by Lori Law
The yarn I chose for the Windchaser Shawl has been sitting in my stash for quite a while, now, waiting for the right project. I am thrilled to finally have it knit up looking pretty. You may or may not recognize it from our header graphic here on Ennea Collective.
The yarn was spun from what I call Rainbow Batts which are hand-carded to transition from one colour to the next, sideways along the width of the batt. The resulting yarn is a little less severely striped than if it were spun from a standard hand-dyed roving or top. I like heathery yarns which have smaller pops of colour on a fairly solid background; the result of spinning from this kind of batt with sections of slightly overlapping fibres in different colours is like layering watercolour washes over each other in contrast to spinning more solidly toned fibre with less of the fibres mingling together.
They are also carded in small amounts (25g each) which I consider little gems of fun for hand-spinning. Included fibres are hand- and commercially-dyed Fine Merino and Corriedale.
With this in mind and not having a project in mind at the time, I spun it hoping to eek out as much yardage as possible. In my mind (although I am trying to train myself about the joys of spinning heavier weights of yarn since they do not take so long to spin up, generally) I am being frugal with this approach: getting more yardage = more bang for your buck.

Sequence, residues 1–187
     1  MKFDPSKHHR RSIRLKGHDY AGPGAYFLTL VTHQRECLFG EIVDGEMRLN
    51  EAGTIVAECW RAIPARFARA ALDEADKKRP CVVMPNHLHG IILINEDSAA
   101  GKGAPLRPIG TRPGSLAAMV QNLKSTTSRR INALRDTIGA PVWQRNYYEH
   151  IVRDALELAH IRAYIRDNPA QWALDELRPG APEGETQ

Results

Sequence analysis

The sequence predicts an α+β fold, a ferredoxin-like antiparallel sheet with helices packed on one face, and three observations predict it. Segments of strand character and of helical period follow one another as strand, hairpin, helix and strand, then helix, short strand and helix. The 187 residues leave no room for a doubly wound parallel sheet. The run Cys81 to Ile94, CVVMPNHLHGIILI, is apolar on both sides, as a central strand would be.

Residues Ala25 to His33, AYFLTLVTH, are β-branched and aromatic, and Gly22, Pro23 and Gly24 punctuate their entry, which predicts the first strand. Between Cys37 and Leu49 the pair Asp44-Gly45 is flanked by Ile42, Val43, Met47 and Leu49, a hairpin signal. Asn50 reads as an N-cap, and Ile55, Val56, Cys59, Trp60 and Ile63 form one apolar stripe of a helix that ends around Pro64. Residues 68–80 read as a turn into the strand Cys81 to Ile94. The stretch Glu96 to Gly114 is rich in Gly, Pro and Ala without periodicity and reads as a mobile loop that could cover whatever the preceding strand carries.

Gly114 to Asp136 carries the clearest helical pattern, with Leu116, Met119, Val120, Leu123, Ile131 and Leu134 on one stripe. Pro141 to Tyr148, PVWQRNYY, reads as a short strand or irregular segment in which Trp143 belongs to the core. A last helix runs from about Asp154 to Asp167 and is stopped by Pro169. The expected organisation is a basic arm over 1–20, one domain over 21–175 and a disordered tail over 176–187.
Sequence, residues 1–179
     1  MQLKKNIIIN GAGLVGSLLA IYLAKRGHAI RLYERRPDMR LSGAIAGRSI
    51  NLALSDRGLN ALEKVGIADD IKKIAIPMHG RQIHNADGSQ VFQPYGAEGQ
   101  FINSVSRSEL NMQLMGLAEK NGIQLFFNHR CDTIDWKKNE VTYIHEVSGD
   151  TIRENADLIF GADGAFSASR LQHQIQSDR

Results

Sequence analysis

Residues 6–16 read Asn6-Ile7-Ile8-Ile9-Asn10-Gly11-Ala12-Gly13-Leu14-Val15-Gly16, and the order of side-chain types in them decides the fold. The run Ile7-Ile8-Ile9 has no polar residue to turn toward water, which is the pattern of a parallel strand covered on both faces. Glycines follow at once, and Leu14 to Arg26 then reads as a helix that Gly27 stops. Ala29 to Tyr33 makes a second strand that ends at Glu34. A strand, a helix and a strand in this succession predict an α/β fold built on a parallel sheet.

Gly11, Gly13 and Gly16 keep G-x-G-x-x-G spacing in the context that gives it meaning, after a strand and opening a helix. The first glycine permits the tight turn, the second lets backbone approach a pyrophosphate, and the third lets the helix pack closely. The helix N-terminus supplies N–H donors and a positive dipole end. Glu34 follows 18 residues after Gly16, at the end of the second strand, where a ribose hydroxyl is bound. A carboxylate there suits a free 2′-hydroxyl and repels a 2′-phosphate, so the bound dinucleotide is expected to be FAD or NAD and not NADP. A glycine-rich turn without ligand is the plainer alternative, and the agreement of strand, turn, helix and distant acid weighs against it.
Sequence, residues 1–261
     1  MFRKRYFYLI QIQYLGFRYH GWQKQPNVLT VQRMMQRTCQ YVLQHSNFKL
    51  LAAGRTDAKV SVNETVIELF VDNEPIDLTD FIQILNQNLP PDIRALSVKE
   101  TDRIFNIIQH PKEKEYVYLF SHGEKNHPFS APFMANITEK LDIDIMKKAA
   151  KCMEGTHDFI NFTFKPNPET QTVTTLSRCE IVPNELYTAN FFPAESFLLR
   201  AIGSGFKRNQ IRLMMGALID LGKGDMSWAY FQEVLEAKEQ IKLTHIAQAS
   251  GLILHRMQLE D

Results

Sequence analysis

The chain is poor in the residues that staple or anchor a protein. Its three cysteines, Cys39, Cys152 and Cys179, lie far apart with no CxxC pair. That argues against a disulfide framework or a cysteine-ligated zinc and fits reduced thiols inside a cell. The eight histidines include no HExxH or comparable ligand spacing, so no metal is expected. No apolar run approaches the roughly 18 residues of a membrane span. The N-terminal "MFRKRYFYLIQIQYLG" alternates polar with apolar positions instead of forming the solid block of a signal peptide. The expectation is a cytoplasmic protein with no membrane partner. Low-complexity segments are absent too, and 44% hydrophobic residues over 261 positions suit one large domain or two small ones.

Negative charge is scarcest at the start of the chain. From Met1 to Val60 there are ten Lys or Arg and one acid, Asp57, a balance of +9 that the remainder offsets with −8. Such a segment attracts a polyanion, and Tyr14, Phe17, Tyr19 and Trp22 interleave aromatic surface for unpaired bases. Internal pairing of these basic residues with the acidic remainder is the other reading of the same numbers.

I began with two batts, 25 g each, with the ending intention to be a 2-ply laceweight yarn.
First I unrolled them to their full length. As I was spinning, I separated a small section at a time, beginning at the lightest edge of the batt. I would then spin each of these small sections from end to end using a slightly backwards draw with my forward hand controlling the twist. I worked my way through the entire batt this way and repeated the process using the second batt for my second single. I used the smallest whorl on my Victoria wheel with a fast draw-in, allowing for high twist to keep the thin singles from pulling apart but avoiding over-twisting.
I plied the singles using a larger whorl on the Ladybug for a more drapey yarn suitable for lace-knitting rather than a perkier springy yarn. I made sure to begin plying the singles from the same-toned ends.
•260 yds [237 m] per 50g [1.76 oz], 2363 ypp, 26 wpi.
•spin ratio: 13:1, semi-worsted; ply: 10.5:1.
NOTE, if you are looking for instructions to spin yarn similar to the fingering merino used in this design, please see this article.
Photos © Lori Law.